Bolivia After the “No” Vote | NACLA Report

Beyond the defeat of Evo Morales’ referendum, political struggles wage on.

Bret Gustafson

As most now know, Bolivian President Evo Morales suffered a narrow defeat in the constitutional referendum vote on February 21.  A ‘Yes’ vote would have allowed Evo to represent his Movement to Socialism Party (MAS) in a run for a third term in 2019.  Despite recent setbacks, it seemed that the combination of economic success and political support within Bolivia would lead Evo to a win, and a chance to serve nearly two decades in office.  Yet by the middle of February, Evo was in the midst of an increasingly messy situation.  There were growing revelations about an ex-lover, a love child, and corruption tied to a Chinese firm. Was Evo, who always seemed above the scandals that plagued the administration, caught in a tragic drama of lust and influence-trafficking?

Evo denied it. The child had died in infancy, he claimed he was told. And, despite evidence to the contrary, he said he had no more ties with the child’s mother.  Yet the opposition rediscovered its internal feminist and decried Evo’s machista lack of rectitude. How, they asked, could he be so dismissive of the whole affair?  Meanwhile, Evo was already dealing with fallout from a corruption scandal at FONDIOC, the Indigenous Development Fund.  As officials closer to Evo began falling under the investigative lens, a long muffled racism erupted. Here was the chance to destroy Evo, supposedly the world’s iconic representative of Indigenous and popular struggle.  The moment was ripe for detractors of all political stripes to attack.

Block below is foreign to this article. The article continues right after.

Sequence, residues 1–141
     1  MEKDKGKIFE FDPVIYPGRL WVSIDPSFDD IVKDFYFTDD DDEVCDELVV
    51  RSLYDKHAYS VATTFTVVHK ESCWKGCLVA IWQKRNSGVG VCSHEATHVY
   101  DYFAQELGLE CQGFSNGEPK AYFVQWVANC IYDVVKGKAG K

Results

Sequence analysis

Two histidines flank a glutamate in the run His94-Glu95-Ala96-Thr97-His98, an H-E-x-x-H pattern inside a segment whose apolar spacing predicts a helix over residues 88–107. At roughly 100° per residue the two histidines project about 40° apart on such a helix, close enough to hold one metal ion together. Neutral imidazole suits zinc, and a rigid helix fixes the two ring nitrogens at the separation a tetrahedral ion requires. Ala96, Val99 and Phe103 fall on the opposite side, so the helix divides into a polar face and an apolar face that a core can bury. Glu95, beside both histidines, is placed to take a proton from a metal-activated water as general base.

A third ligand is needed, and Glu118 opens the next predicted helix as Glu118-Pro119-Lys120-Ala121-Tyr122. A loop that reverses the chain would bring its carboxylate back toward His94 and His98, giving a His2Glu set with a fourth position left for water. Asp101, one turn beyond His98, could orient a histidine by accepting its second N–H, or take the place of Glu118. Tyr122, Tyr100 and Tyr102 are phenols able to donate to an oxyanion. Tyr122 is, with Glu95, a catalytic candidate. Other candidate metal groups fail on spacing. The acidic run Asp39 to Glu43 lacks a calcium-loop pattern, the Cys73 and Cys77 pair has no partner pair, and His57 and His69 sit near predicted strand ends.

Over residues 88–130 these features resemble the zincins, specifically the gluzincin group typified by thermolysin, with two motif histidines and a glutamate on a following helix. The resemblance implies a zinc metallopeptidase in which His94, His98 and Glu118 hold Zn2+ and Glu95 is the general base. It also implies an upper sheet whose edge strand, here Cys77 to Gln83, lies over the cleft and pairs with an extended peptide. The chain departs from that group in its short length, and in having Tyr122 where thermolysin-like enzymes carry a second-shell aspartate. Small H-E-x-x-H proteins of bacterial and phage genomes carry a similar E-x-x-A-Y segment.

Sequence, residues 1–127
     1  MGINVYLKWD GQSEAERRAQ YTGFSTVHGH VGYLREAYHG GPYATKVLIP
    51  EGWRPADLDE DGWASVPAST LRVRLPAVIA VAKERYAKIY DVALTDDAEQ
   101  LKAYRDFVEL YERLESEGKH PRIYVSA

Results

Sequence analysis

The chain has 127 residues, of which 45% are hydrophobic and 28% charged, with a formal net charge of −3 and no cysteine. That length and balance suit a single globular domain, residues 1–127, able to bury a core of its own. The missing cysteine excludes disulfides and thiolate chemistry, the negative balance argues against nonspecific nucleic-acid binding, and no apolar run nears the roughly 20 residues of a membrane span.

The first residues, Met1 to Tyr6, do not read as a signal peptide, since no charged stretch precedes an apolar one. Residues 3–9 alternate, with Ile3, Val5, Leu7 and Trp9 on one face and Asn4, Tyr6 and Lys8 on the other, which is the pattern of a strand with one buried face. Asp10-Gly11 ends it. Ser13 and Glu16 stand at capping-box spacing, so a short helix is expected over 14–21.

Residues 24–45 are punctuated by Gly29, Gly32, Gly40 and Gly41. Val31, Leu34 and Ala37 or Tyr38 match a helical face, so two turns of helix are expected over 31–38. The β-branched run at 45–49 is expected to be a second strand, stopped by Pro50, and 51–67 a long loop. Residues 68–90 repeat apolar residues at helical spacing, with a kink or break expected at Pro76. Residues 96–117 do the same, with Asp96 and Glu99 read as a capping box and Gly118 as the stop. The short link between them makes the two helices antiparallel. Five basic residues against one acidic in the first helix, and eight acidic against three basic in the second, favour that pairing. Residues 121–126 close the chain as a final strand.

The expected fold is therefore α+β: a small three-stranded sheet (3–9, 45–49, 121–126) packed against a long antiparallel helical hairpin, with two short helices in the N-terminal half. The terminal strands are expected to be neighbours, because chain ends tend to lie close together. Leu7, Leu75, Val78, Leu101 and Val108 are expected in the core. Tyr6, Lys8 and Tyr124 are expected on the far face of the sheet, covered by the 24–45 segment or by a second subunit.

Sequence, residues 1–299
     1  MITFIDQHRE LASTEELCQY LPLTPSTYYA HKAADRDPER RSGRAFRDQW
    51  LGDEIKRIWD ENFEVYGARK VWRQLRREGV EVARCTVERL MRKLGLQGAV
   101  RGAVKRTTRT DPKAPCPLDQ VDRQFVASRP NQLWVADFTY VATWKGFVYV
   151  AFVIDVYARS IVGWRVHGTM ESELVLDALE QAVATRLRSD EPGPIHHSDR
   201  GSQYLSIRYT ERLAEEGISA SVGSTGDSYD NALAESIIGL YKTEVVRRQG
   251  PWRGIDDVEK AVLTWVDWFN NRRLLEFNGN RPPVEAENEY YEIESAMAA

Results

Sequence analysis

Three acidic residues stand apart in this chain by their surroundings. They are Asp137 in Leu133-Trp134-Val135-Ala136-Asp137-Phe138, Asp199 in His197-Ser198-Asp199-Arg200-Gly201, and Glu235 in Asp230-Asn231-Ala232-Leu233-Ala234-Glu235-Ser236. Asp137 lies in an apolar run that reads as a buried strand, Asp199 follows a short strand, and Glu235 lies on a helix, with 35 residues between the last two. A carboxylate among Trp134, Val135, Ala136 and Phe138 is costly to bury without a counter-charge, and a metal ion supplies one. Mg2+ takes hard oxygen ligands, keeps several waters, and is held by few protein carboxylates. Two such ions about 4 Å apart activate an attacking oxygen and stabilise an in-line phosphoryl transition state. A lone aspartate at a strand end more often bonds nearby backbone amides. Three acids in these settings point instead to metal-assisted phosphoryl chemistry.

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New Left Review 85, January-February 2014

by Joshua Berson.

A Critique

A few years ago the New York Times reported from Bolivia that quinoa, once a staple food of the Andean highlands, had become too expensive for local consumers, who were finding themselves priced out by the booming export market. Quinoa farmers may have benefited from growing demand in the us and Europe, but quinoa’s popularity among health-conscious rich-world consumers was helping to push Bolivians towards cheaper, processed foods. Domestic consumption of the pearly grains declined by a third between 2005 and 2010, as the export price tripled. Malnutrition is up in quinoa-growing regions. Other reports described bitter battles over prime plots, with dozens injured when farmers fought with slings and sticks of dynamite over what was once abandoned land.

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